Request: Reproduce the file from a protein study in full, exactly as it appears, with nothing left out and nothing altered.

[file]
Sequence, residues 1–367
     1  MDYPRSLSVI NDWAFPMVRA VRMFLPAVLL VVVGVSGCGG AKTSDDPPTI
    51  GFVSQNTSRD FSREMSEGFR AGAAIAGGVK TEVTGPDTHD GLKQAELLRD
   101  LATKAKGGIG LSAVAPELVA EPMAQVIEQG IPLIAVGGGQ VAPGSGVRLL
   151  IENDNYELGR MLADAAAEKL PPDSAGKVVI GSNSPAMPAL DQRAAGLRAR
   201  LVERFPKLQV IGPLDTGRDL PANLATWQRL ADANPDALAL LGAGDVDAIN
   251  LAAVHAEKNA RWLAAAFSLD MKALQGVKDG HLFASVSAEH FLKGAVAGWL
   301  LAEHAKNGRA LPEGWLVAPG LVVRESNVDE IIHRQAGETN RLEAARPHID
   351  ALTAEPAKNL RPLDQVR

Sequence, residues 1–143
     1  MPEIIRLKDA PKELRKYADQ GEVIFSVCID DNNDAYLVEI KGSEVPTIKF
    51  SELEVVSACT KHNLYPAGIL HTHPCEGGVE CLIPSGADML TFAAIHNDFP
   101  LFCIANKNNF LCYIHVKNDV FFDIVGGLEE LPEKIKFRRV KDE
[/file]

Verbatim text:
Sequence, residues 1–367
     1  MDYPRSLSVI NDWAFPMVRA VRMFLPAVLL VVVGVSGCGG AKTSDDPPTI
    51  GFVSQNTSRD FSREMSEGFR AGAAIAGGVK TEVTGPDTHD GLKQAELLRD
   101  LATKAKGGIG LSAVAPELVA EPMAQVIEQG IPLIAVGGGQ VAPGSGVRLL
   151  IENDNYELGR MLADAAAEKL PPDSAGKVVI GSNSPAMPAL DQRAAGLRAR
   201  LVERFPKLQV IGPLDTGRDL PANLATWQRL ADANPDALAL LGAGDVDAIN
   251  LAAVHAEKNA RWLAAAFSLD MKALQGVKDG HLFASVSAEH FLKGAVAGWL
   301  LAEHAKNGRA LPEGWLVAPG LVVRESNVDE IIHRQAGETN RLEAARPHID
   351  ALTAEPAKNL RPLDQVR

Sequence, residues 1–143
     1  MPEIIRLKDA PKELRKYADQ GEVIFSVCID DNNDAYLVEI KGSEVPTIKF
    51  SELEVVSACT KHNLYPAGIL HTHPCEGGVE CLIPSGADML TFAAIHNDFP
   101  LFCIANKNNF LCYIHVKNDV FFDIVGGLEE LPEKIKFRRV KDE